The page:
Breaking seed coat dormancy of six tree species
AbstractBreaking physical dormancy in some forest seeds is a challenge for scientists and forest managers to obtain an homogeneous germination for larger seed samples. The role played by the seed coat in seed dormancy of six trees with great interest in agroforestry (Robinia pseudoacacia, Leucaena leucocephala, Erythrostemon gilliesii, Styphnolobium japonicum, Acacia dealbata and Brachychiton populneus) was tested by the effects of the pretreatment and its duration on the performance of seed germination, by considering the final germination percentage (FGP) and the mean germination time (MGT). These parameters are estimated at various times of incubation (5, 10 and 15 days) in Petri dishes and stored in darkness at (25 ± 2°C). The pretreatment consists of an immersion of seeds in concentrated sulphuric acid during 30, 60 and 90 minutes. Sowing without pretreatment (control) revealed no germination induction for B. populneus and A. dealbata, except for R. pseudoacacia, L. leucocephala and S. japonica where the germination does not exceed 12% for all the experience duration. Generally, pretreatments were very useful to improve seed germination. The time of immersion into sulphuric acid significantly affected (P < 0.0001) the FGP and the MGT in all studied species. A duration of 30 minutes of soaking was adequate to give a very high rate of germination for L. leucocephala, E. gilliesii, S. japonica and A. dealbata with respective FGP of 100%, 95%, 100% and 100%. However, an extended duration of pretreatment of 60 minutes was necessary for a maximal germination for R. pseudoacacia and B. populneus with FGP of 85% and 100%, respectively. A prolonged duration of 90 minutes of presowing was very fatal for L. leucocephala, A. dealbata and B. populneus. An excellent germinative strength is characterized by a higher FGP and a reduced MGT.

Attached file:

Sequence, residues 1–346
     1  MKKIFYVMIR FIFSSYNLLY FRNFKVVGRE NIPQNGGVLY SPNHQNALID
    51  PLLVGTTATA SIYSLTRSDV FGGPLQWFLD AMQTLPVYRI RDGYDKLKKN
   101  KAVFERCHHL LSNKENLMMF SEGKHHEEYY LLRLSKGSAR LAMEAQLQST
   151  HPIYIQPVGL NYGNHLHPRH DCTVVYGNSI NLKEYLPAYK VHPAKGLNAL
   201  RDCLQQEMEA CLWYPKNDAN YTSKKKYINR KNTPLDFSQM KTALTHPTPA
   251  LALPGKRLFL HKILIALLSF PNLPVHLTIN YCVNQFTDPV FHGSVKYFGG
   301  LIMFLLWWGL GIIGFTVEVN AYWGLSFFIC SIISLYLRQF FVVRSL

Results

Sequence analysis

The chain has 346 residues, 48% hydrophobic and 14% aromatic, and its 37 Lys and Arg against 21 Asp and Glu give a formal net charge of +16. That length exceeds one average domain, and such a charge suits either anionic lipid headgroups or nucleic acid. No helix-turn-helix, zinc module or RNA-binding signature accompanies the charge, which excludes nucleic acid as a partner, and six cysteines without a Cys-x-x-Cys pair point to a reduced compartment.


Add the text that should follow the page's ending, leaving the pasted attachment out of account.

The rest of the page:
Copyright (c) 2018 Abdenour Kheloufi, Lahouaria Mansouri, Nada Aziz, Meriem Sahnoune, Sarra Boukemiche, Boutheina Ababsa
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